People say they plan to boycott Publix this weekend because of its donation to a pro-NRA candidate. But what about other stores?
ST. PETERSBURG, Fla. — This weekend, some shoppers plan to boycott Publix after learning the grocery chain donated $670,000 to pro-NRA Republican gubernatorial candidate Adam Putnam.
But before you decide to go to other stores instead, do you know which politicians are getting donations from your favorite companies?
To protest Publix political contributions, people tweet their receipts from where they shop, including Walmart.
But if you’re opposed to Publix supporting a pro-NRA Republican, consider that Walmart’s political contributions have also favored Republicans for years, according to data compiled by OpenSecrets.org of the Center for Responsive Politics, a nonprofit, nonpartisan research group that tracks money in American politics.
These figures represent donations to federal politicians from the organizations’ political action committees (PACs), their individual members, employees or owners, and those people’s immediate families, according to OpenSecrets.org.
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So far in 2018, the three politicians who have received the most money from Walmart are Reps. Steve Womack ($44,200) and Bruce Westerman ($10,000) from the company’s home state of Arkansas, and Rep. Steve Stivers ($10,000) from Ohio.
Publix, over the past three years, has gifted Adam Putnam with $670,000, including a recent one-time donation of $100,000.
Womack ($3,000) and Stivers ($4,000) have each taken money from the NRA in the past two election cycles, according to OpenSecrets.org.
Amazon.com donations, which owns Whole Foods, have favored Democrats in recent election cycles, particularly in the 2016 campaign. Florida-based grocer, Winn Dixie appears to have essentially stopped making contributions over the past decade after giving largely to Republicans in the 1990s.
Target, a popular alternative for shoppers who tweet their receipts, has always backed Republicans over Democrats except during the 2016 campaign.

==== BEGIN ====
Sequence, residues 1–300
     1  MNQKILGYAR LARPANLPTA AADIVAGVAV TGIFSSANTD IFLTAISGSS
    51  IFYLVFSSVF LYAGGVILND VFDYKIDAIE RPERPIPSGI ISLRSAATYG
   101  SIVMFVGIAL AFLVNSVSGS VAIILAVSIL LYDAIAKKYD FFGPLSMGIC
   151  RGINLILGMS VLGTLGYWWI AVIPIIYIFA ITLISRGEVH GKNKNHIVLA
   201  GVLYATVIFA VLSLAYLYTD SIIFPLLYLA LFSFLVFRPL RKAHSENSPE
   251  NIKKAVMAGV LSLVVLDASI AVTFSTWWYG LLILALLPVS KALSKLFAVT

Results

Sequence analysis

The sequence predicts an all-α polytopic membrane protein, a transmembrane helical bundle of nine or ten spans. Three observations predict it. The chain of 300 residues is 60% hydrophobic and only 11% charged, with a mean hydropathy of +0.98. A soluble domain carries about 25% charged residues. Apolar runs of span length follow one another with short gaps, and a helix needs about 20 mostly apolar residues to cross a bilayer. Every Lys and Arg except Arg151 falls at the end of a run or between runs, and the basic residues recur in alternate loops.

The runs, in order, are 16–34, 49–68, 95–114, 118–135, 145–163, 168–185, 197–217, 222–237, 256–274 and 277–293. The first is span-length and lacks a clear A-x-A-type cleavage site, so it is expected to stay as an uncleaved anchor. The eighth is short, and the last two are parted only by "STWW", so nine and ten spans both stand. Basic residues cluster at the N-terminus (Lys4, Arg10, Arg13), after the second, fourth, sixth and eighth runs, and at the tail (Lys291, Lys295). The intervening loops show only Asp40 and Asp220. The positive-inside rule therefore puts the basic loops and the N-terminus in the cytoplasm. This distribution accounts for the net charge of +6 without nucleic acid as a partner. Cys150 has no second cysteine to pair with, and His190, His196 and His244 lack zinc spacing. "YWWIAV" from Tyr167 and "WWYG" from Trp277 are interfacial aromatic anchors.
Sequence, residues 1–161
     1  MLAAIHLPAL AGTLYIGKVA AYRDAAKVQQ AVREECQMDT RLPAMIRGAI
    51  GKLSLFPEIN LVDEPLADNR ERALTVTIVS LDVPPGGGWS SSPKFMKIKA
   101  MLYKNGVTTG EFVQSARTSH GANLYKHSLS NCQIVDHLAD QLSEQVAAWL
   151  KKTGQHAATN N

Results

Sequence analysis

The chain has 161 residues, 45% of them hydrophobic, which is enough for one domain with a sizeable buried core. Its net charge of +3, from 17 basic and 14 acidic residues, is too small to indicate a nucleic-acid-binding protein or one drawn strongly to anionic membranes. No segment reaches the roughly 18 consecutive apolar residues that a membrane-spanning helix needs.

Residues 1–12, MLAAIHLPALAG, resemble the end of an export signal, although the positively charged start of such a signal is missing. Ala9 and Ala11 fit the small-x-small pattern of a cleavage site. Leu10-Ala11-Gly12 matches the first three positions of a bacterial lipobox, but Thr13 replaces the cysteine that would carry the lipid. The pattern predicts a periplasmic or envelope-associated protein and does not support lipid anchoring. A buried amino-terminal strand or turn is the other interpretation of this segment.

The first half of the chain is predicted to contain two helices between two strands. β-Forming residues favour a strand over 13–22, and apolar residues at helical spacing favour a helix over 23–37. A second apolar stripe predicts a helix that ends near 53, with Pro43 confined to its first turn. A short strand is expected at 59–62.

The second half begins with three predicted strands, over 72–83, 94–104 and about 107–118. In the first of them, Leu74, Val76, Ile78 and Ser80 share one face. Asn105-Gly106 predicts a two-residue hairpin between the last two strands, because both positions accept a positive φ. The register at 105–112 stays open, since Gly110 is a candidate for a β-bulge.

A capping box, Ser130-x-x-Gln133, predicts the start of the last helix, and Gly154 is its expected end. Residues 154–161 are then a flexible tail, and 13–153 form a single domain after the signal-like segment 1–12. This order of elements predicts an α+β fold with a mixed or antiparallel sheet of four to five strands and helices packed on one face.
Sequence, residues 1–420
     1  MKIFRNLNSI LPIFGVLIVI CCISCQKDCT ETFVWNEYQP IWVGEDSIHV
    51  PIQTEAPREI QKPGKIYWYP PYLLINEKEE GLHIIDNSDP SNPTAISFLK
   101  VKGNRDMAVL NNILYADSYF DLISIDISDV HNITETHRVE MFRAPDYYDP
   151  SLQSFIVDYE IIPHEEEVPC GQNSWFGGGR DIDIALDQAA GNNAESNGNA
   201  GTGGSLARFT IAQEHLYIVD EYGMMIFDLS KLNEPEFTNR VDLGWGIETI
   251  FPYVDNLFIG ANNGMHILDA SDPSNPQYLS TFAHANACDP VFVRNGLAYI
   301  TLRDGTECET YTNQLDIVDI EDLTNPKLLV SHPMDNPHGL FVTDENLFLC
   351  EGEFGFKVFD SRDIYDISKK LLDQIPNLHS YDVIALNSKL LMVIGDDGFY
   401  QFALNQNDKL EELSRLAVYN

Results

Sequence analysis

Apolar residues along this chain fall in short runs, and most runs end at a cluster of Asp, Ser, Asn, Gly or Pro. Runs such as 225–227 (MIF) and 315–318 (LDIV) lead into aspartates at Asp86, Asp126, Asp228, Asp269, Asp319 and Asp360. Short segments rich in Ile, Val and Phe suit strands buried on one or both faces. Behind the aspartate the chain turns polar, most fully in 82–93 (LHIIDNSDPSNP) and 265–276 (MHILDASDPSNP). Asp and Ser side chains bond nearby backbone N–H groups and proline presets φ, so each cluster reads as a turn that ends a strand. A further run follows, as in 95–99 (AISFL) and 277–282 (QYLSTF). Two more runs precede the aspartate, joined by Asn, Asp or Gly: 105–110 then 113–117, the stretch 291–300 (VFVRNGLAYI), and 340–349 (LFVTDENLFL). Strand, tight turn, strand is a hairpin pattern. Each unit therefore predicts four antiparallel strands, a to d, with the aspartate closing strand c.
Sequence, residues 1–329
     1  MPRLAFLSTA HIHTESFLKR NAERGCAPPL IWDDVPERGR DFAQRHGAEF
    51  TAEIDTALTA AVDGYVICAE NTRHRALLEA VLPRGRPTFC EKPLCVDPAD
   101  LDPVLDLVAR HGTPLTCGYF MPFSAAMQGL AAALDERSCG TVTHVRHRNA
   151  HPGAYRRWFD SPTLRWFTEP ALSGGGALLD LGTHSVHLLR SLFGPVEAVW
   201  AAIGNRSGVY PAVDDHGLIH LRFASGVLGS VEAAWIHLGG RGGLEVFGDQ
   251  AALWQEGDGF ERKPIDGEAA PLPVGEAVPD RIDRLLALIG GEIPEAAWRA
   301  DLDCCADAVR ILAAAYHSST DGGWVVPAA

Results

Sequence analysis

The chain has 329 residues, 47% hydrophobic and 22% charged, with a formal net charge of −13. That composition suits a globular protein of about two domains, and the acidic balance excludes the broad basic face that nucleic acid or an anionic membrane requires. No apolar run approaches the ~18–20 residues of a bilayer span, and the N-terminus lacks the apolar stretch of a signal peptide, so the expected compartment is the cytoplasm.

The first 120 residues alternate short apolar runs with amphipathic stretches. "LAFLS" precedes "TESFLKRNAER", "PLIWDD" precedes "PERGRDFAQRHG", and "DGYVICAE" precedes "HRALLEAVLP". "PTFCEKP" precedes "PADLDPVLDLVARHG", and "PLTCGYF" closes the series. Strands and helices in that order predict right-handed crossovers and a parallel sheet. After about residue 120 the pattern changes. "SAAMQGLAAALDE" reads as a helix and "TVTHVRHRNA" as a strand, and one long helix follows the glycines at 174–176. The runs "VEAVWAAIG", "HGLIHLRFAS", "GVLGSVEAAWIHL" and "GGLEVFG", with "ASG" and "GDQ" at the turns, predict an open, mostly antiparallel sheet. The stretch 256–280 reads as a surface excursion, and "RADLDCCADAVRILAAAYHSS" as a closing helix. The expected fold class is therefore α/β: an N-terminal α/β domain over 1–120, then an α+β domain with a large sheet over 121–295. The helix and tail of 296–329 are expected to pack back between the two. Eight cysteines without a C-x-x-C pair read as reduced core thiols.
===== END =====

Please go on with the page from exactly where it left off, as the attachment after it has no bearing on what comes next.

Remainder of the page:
Targeted funds contributing to political campaigns in Florida since 2016 have also favored Republicans ($23,500) over Democrats ($14,000), according to state campaign finance reports.
Target took the heat in 2011 for supporting an anti-gay Republican gubernatorial candidate in Minnesota.
If NRA-backed candidates are your problem: So far this election cycle, five of the top six candidates backed by Target funds are Republicans with NRA A ratings, including Rep. David Young of Iowa who, as the New York Times previously reported, received the third most financial support from the NRA than any other member of the United States House.
Parkland survivor Alex Wind was among those who expressed displeasure with Publix’s support of Putnam, saying in a tweet, “Guess I should have bought my flowers for the memorials somewhere else.”
This holiday weekend shoppers are encouraged to #BoycottPublix and #TweetTheReceipt where they shop from instead after the The Tampa Bay Times was the first to report Publix has donated $670,000 to Putnam’s political campaign over the past three years.
The backlash prompted Publix, which initially released a statement saying it supported “bipartisan and pro-business candidates”, to suggest that future political donations might be treated differently.
“We regret that some of our political contributions have led to an unintended customer division instead of our desire to support a growing economy in Florida,” Publix said in an emailed statement. “Because of this situation, we are evaluating our processes to ensure that our donations better reflect our desire to support a strong economy and a healthy community.”
National, regional and local supermarkets contributed just over $5.4 million in the 2016 election cycle, according to OpenSecrets.org. Publix tops the list with the most contributions.
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